In between introduction and conclusion, Room to Grow parades a dozen incremental solutions to address numerous social and policy ills now debilitating the bloated federal government. The family is supported, but mostly by granting it more funds and by programs promoting “healthy choices.” The Feds would create the educational environment for local schools to succeed. Job growth would have Washington “use the market” for “positive ends.” Welfare reform would discourage early childbearing and grant vouchers to responsible parents “subject to rigorous evaluation.”
It does not seem the Feds would do fewer things under this program, but only different, more conservative things—which is fine, but just another litany of things national experts would do to determine our welfare for us. Few of the proposals seem actually to empower civic institutions. Moreover, they would be bound to end up even more watered down after the legislative discussion and debate urged by these well-meaning and earnest reformers.
A similar movement in Britain has inspired editors of Economist, John Micklethwait and Adrian Wooldridge, to declare the need for The Fourth Revolution in human history to replace an exhausted welfare state. Their book, which is subtitled The Global Race to Reinvent the State, offers a very English view of history: Thomas Hobbes’ revolution produced the nation state that was the first step toward modern law and order. John Stuart Mill added freedom to the social mix; and finally, Beatrice Webb topped if off with the welfare state.
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Praising Leviathan’s creator, highlighting a Mill who, the authors admit, later seriously strayed into socialism, and identifying the late-arriving Webb with the welfare state (while marginalizing John Locke on liberty) will surprise readers on this side of the pond—but the authors are British “Liberals” after all. At least they evince a sense of urgency. They get it right that the welfare state is exhausted and in need of radical reform, and that more freedom is the solution. Their specifics, on the other hand, turn out not to be very radical or especially libertarian. (One reform they suggest for the United States is to limit its separation of powers.)
Micklethwait and Wooldridge are not inhibited from offering institutional fixes. They push major privatization of government to take advantage of market-sector technology and entrepreneurship. They propose substantial flexibility for the civil service and more contracting out to private firms. They attempt to save democracy by limiting campaign spending. They concede the difficulty of these reforms, noting that the United States has tried them with little success in changing the fundamentals. But they do recognize in theory that governmental reform must be comprehensive and swift, which is essential in a democracy with a limited time horizon. They argue that what has worked best in several nations is simply to cut spending and let local governments and lower-level bureaucrats figure how to make it work.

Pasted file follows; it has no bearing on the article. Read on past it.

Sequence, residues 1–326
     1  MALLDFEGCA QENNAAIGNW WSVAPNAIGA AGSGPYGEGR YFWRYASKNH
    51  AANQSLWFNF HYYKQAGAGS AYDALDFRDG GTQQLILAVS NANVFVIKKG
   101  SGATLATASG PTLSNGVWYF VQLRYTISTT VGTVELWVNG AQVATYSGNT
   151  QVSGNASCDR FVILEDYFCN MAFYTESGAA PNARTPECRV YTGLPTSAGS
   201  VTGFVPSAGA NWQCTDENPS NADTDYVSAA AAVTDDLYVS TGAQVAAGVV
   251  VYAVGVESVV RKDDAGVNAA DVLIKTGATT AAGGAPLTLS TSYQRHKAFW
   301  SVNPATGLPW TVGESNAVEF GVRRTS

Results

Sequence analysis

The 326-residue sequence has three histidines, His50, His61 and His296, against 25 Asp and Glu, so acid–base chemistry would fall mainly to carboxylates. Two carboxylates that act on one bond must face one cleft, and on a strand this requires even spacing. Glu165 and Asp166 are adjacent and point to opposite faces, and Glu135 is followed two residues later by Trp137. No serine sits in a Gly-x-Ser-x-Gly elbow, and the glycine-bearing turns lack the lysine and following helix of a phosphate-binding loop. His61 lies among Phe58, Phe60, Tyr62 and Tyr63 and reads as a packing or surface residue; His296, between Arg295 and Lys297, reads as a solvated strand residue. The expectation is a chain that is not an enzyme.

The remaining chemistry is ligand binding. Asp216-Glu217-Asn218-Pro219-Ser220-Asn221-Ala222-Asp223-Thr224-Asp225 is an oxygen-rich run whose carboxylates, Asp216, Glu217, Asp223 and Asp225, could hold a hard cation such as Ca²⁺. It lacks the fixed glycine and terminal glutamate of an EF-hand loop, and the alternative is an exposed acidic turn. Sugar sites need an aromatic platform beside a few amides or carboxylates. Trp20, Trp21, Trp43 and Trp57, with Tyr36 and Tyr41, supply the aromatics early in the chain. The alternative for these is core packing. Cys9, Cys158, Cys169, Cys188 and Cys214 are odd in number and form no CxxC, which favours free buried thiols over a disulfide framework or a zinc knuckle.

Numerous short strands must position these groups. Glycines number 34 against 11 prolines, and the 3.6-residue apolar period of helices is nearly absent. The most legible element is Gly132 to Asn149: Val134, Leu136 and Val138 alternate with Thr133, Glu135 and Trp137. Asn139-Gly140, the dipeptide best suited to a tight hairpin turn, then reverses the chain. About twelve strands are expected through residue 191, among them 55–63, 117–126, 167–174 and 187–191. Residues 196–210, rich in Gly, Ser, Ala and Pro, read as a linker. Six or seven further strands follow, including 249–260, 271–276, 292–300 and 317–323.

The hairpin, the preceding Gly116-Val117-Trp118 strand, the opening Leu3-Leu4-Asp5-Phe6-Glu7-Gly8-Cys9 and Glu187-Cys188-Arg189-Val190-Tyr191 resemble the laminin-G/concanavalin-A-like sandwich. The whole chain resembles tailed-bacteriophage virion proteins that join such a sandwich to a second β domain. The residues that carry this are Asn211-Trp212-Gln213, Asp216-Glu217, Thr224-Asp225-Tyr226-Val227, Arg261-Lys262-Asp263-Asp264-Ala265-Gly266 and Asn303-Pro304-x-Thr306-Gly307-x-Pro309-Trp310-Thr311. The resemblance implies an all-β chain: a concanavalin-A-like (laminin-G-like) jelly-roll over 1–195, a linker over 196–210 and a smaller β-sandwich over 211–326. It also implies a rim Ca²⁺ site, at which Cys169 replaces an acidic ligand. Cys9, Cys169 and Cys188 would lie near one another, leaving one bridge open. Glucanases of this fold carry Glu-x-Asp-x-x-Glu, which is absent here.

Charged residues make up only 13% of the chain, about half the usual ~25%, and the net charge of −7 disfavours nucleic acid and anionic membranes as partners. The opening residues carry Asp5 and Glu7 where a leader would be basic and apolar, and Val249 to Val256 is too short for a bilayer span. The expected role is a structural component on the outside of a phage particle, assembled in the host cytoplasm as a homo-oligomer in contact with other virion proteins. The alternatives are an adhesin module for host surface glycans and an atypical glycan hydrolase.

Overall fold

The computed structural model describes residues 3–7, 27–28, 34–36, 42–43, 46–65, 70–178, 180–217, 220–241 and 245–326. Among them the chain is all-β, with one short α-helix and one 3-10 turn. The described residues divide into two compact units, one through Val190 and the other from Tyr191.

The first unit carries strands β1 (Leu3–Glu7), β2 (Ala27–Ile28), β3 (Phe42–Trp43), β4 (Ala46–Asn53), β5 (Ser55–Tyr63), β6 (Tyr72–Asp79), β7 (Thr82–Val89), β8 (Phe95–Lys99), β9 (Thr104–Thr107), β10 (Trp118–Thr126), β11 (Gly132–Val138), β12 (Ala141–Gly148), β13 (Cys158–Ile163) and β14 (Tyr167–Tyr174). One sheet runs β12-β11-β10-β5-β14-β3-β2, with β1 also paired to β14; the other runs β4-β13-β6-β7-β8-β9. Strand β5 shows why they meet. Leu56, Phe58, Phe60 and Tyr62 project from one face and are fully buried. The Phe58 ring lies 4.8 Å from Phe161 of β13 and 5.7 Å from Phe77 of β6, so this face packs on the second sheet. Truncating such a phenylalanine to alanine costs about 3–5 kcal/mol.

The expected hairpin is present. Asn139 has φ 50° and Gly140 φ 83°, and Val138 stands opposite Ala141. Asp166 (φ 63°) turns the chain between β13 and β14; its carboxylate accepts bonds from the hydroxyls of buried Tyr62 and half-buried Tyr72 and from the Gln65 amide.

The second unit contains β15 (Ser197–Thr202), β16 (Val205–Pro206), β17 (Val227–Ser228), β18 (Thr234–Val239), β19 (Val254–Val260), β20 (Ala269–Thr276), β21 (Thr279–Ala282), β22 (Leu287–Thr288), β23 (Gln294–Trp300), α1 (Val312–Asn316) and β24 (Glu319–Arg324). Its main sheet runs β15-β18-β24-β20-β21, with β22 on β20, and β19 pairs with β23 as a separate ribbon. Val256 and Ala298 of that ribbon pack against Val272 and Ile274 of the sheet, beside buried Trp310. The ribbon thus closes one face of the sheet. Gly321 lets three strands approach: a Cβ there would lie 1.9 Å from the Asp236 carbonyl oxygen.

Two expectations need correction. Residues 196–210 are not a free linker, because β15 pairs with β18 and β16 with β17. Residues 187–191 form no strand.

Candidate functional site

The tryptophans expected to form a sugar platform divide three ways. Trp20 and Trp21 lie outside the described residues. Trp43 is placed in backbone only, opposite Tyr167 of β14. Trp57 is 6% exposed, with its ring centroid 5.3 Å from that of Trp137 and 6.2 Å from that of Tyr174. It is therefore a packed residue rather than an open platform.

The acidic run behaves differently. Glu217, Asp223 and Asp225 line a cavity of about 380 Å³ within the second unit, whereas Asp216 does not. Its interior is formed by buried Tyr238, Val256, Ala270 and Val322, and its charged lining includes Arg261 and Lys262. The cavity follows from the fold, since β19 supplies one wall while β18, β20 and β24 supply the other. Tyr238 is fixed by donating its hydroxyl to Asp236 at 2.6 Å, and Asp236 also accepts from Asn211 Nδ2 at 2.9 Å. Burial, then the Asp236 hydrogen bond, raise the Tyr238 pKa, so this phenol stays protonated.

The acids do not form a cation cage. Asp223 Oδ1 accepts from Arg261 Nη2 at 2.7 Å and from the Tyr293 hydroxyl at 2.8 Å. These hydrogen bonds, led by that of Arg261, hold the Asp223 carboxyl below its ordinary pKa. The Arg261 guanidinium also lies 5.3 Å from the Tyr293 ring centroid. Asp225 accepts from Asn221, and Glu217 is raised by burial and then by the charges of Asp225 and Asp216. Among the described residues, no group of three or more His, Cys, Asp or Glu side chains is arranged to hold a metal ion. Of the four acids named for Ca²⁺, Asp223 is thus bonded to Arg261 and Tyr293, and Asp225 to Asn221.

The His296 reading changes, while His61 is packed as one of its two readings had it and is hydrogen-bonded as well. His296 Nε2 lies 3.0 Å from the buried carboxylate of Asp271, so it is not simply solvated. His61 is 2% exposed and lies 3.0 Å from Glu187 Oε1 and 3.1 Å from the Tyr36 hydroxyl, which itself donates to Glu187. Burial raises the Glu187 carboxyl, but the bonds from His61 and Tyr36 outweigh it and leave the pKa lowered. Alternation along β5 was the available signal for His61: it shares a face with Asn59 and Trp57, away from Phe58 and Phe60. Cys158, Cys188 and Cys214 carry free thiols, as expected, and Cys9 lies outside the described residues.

It is increasingly clear the welfare state is failing. The surprise is that a crisis requiring a “revolution” would be met with the (barely even) half-measures suggested in these books. How could blunting the edge of the status quo cumulate in something fundamentally different? Wouldn’t this just add another dimension of confusion to the welfare state? Patience and prudence may simply produce the 76th on top of the existing 75 jobs programs, or a 106th program to educate the young, or the 71st to feed hungry children. Real policy reform—good or bad—comes from dramatic and swift changes in social and political power by leaders like Andrew Jackson, Abraham Lincoln, Woodrow Wilson, Franklin Roosevelt, and Ronald Reagan. In a democracy, the opening for change dissipates quickly, within the first year or so after a defining election. Incrementalism only means the welfare state will continue its decline into utter immobility.
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Certainly, the necessary changes are not possible today under President Obama. But neither are the Room to Grow or The Fourth Revolution proposals. What can be achieved is for reformers to create a truly radical plan if they ever get the electoral opportunity to act. Micklethwait and Wooldridge are closer to the fundamental changes required, but they bury them in their penultimate chapter. As they correctly suggest, the real historical successes were cases in which decisions were sent to the market or to local government–and people were allowed to figure things out for themselves. Direction is changed by the single stroke, not by bureaucratic policy nuance. Privatization and decentralization of governmental power are the only recipe for a genuine overhaul of the overly centralized welfare state.
If overload is the problem weighing down the welfare state, it follows that reducing the range of responsibilities and sending them elsewhere, not devising new policies for the existing bureaucracy to carry out, is the solution. For the wary, this is not institutional manipulation but restoration of the Constitution to its policy wisdom in Article I, Section 8 and the Tenth Amendment.
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